Rule of law also requires disciplined law enforcers
Updated: 2016-06-13 07:29
A technician carries out a blood test for HIV virus at Jinan AIDS lab in East China's Shandong province on Nov 30, 2015. [Photo/IC]
We do not know how the whole drama would have ended had the victims not secretly recorded that video clip of their tense argument with the abusive police officer. Or that clip had not become an internet sensation over the past few days.
That the two innocent women in Shenzhen, South China's Guangdong province, are safe and well, even received an apology from local police authorities, and that the officer involved has been suspended, may be a reason to celebrate.
That sounds like the end of another case of police misconduct. But what happened on May 21 to the two young residents of Shenzhen must not end with that simple apology and suspension. Indeed, there are deeper, broader questions to be deliberated.
The two women were forced into a police vehicle and taken to a police station for interrogation. The only apparent wrong they had done when they were stopped on the street and asked to produce their identification cards was their failure to do so. Their request for the police officer to produce his police ID, which he should have, confirms their awareness of law.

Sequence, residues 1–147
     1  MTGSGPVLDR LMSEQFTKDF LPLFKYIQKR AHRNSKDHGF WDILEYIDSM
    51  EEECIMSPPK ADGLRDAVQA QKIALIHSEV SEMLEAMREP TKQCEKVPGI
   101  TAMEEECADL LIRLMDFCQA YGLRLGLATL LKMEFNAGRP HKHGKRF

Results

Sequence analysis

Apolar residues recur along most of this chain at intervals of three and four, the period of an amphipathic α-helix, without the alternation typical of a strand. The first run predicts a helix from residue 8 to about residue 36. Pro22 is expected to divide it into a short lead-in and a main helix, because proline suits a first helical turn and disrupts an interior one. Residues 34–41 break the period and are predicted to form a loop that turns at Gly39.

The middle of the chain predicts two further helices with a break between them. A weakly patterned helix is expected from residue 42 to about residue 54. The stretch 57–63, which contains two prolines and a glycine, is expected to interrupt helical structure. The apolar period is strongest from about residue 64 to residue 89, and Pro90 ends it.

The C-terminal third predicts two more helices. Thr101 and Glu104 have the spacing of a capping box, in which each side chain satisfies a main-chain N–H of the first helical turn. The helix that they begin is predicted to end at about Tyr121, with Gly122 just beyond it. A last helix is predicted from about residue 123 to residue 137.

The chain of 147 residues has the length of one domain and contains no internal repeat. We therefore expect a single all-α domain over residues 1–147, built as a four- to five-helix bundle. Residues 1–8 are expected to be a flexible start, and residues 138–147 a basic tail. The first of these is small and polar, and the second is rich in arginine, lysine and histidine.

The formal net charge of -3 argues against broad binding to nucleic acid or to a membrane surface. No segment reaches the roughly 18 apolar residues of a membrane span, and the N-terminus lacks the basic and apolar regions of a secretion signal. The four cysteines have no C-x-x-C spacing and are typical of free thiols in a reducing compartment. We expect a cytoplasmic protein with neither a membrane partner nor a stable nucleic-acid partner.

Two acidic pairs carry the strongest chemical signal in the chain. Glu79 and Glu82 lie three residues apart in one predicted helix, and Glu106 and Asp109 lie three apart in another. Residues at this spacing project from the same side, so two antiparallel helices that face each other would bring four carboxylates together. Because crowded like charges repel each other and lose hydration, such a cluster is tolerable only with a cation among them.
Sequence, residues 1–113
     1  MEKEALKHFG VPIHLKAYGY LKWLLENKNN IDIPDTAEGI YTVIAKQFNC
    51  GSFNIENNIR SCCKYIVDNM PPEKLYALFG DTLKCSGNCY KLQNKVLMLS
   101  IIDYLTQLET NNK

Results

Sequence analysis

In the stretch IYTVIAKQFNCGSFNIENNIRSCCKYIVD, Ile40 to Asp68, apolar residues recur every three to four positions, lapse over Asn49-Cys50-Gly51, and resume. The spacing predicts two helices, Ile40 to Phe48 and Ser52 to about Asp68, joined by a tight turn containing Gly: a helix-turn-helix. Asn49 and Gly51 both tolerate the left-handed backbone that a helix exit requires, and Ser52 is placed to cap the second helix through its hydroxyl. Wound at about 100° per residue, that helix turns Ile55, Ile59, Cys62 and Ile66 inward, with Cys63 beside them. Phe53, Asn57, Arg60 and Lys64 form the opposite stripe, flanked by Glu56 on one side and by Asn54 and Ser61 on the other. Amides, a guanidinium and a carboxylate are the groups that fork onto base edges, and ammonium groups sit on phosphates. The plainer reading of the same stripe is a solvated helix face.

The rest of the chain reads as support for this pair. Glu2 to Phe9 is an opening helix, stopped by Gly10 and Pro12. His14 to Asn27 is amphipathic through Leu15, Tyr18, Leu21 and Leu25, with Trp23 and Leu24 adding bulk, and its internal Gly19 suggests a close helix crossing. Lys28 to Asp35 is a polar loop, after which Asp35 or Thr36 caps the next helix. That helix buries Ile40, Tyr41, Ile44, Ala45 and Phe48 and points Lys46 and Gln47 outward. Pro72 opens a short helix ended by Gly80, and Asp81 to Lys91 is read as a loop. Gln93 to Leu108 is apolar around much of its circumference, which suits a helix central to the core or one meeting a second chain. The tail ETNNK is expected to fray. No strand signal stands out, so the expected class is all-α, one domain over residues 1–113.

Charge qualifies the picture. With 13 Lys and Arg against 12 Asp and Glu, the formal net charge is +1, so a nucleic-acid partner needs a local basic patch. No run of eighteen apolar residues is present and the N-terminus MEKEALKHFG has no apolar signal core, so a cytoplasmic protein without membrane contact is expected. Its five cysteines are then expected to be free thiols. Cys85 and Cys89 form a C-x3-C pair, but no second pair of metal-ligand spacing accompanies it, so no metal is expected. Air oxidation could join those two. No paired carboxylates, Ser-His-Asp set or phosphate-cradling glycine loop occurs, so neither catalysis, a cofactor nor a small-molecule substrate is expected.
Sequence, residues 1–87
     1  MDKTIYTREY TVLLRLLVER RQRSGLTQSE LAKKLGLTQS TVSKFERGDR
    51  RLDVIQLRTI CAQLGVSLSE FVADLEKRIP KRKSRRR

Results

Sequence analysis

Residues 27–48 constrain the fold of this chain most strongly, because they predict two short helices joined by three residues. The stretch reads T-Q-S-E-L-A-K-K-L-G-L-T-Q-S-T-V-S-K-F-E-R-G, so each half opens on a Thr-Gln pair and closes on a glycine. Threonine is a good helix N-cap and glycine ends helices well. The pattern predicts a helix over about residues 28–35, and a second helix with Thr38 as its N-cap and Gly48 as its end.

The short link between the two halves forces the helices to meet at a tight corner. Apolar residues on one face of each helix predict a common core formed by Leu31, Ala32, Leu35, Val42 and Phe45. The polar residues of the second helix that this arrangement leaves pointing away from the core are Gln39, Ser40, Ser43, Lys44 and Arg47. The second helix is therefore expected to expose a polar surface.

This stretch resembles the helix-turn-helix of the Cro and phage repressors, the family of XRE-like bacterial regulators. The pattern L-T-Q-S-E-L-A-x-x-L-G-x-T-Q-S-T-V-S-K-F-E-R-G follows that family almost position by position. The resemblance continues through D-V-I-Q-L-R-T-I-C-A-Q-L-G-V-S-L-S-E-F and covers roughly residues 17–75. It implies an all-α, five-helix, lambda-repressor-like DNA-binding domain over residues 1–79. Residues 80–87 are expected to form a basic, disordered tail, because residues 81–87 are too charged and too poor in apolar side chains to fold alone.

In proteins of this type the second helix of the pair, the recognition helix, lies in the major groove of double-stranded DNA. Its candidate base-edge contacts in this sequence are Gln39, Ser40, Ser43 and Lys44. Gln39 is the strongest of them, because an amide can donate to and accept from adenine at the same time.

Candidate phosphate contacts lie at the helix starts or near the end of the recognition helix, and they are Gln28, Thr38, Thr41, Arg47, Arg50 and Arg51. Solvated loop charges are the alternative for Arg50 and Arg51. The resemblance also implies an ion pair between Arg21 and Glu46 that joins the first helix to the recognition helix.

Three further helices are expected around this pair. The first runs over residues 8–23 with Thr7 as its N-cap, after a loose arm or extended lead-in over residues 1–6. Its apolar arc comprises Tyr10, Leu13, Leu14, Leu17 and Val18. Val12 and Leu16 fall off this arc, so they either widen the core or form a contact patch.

Feeling challenged, the officer threatened to cuff them and throw them behind bars "with thieves, AIDS patients and robbers". His evident discrimination against AIDS victims aside, he displayed a dangerous belief that he could do whatever he wanted to innocent citizens, just because he was acting in the name of law enforcement.
Existing laws and government decrees have already given law enforcement a great deal of latitude for defining citizens' obligations to "cooperate", including producing personal IDs. An essential detail downplayed in the Shenzhen incident was that the officer had no reason under current rules to force the two victims to prove to him who they were.
This and similar scandals have caused worries about the latitude given to those in charge of law enforcement. Unless such people are well disciplined, they could eventually end up being a threat to public security.
Before such people know the boundaries of their powers and learn to respect civil liberties, what happened to the two women the other day could happen to others tomorrow.